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keepin' cool on the road
Hoomin Bean
Bean' coolin that is. If you've satisfied your Health or Agriculture Department on the general concept of event roasting, they probably will give 2 ding-dongs about how, or if, you cool your beans. But who is the next guy headed your way with a clipboard? The Fire Marshal! A professional worrier with a badge! A species that is a near cousin of the Loss/Risk Adjuster from your insurance company. Don't give either of these guys a cup of coffee, they're nervous enough already. ;)

All kidding aside, responsibly handling food or fire in a place of public assembly is pretty important. I love the different homemade cooling systems I see here, even where they include flammable or meltable materials, and I'm confident that the general home roaster is all on top of what's going on, and the materials are not hot that long anyway. I'm hoping that at some of my shows this year, I will have to roast batch after batch, and hopefully will barely keep up with the clamoring public!

I had to pick where to start this, here or the cooler contest, and I picked here in case anyone has anecdotes or ruminations on this area of regulatory safety. If I finish in time, I'll consolidate the pics/notes and throw my hand in the competition. Any thoughts/experiences? Photos in a day or two!

- Ed
Edited by Hoomin Bean on 01/29/2008 5:02 PM
Don't forget the Department of Transportation big-wigs who have nothing better to do than drive down remote highways to hassle utility workers. This DOT guy parked in the middle of a 2 lane highway to chew me out for 45 minutes because I was parked 3 feet off the road in the shoulder and "causing a hazard". He had to wave several cars past him while he was parked there.

I've been to farmer's markets as a consumer. Are you sure that bureaucrats of any type actually go to those? I've seen some questionable foodservice practices myself... I just don't buy from "those" vendors.

For the record, does anyone care if you bring coffee already bagged?

Roaster: CoffeeAir II 2# DIY air roaster
Grinder: Vintage Grindmaster 500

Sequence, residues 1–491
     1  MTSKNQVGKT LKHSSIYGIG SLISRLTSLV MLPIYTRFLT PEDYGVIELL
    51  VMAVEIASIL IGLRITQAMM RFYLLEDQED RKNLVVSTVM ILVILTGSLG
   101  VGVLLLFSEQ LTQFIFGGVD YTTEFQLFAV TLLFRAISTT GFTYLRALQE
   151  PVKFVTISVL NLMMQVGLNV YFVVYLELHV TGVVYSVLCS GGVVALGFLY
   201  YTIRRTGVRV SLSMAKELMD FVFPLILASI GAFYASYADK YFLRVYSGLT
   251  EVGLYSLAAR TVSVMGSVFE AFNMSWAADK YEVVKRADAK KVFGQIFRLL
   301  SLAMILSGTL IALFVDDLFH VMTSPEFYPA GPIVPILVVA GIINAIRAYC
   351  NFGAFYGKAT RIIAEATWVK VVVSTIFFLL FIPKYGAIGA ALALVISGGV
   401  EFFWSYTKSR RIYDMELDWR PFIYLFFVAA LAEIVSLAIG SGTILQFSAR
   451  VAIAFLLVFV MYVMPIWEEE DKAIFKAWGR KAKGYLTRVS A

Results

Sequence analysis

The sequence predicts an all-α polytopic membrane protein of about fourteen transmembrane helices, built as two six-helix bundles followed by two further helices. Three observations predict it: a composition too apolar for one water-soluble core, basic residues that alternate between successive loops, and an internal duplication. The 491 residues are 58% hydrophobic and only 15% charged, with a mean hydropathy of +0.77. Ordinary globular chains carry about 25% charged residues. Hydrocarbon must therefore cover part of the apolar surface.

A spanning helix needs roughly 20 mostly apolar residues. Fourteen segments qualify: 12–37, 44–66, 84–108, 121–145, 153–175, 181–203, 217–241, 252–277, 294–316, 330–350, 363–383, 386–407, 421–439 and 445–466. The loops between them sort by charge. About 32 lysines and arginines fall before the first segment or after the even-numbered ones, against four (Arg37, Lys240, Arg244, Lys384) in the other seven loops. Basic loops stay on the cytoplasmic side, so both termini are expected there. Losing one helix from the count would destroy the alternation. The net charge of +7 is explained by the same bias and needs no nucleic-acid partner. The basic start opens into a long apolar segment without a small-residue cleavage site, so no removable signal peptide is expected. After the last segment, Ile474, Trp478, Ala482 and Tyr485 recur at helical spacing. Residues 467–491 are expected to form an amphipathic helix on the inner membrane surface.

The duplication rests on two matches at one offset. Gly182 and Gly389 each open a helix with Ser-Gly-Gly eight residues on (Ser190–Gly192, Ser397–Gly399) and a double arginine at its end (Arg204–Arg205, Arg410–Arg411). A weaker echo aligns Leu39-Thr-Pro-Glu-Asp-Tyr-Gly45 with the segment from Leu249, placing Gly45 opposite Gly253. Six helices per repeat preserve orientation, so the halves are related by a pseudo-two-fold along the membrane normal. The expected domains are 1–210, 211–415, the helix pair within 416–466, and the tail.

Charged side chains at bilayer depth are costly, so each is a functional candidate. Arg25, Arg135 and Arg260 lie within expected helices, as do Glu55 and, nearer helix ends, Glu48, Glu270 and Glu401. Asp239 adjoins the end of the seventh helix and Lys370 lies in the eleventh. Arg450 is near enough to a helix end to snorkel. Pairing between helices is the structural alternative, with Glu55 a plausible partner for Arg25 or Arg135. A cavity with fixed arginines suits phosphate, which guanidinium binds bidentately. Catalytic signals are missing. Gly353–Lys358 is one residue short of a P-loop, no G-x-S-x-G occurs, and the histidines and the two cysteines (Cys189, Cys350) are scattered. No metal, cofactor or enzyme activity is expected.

Brewers: Vintage Cory DCU DCL, Aeropress, Press, Osaka Titanium pourover
Kaffee Bitte
So are you thinking of going all metal then? This would probably be optimal for cleaning and minimizing fire danger.

I know how you feel about the food inspectors and fire marshals. During the summer I have to water the entire region (at least a fifty foot semicircle) around my roaster two hours before beginning. This is rather labor intensive since I don't want to water my roaster as well.
The fire marshal also didn't like my cooler so much to begin with, but once I showed him how it functioned he was slightly less worried. (This is part of the reason for the design in my non-contest thread.) He allowed it provided I work on an alternate cooler, and have it ready within a year (this summer).

The food inspectors were much less stringent. They told me a few things that I had to do differently, but overall I think their view of roasted coffee was that it would be cooked again anyway, so tra la la. The state of Montana even considers it an unprocessed agricultural product, which means considerably different standards for food safety. I found this strange in the extreme, I mean it is most definitely processed! It is roasted! I am not selling it green!

Anyway I will be interested to see what you come up with.

"Some days it's spice, other days it's bitter dirt."
Hoomin Bean
Chad: Classic story on the DOT guy. I have to admit, if I had a mid level government job, a life with nothing but stomach aches, frustration, and ninnies above and below me, I wouldn't be this chill philosopher of the working class. lol.

Whether anyone shows up at these things or not depends on population density, size of department, current state of the inspector's marriage.... Like the loss/risk adjuster, I'm in the business of preventing long shots. I go to many events that are in the appalachian wilds of Pennsylvania and have never been inspected - but how do I know whether or not this year they hired a bright young clueless inspector just out of college to start doing food inspections more regularly, because of the housing development in the county and he/she wants to know why your fire extinguisher isn't rated for grease fires, since that thing is a BBQ...

Regarding the bagged coffee, I don't know for sure and I'll bet it depends on unpredictable variables, like above. I don't have a final yet whether I'm more food or more agriculture product, but labelling and shipping come in, somewhere. Which segues into -

Lynn: You point is well taken about food categories. In my case, I am incontestably involved in food service, milk products and all, with the beverage concession. It becomes a matter of whether or not they care about the roasting too, or give it a pass. For that reason, I'm using more stainless than seems necessary to me, because it lulls them into amiability, and they head off to read the temps in someone else's refrigerator. I'm mildly shaken by the ground watering, because I can remember one county where that could happen, but it comes down to what is conventionally done, or not, about many vendors cooking sausage, burgers, etc., usually with propane.

Overall, I notice that events are less scrutinized - especially because it means the inspector has to come out on the weekend - and anything recurring gets more attention. Makes sense, because you could spread a lot more illness around a repeating customer base.
Some of these people need to be told "Here's your Sign!"
Edited by MarkBart on 01/30/2008 4:42 PM
I'm so Bad, I'm Good! www.homeroasters.org/php/images/smiley/cool.gif
I'm putting the small back into Small Business!
Donut Dog
very funny MarkBart...

you guys are great.

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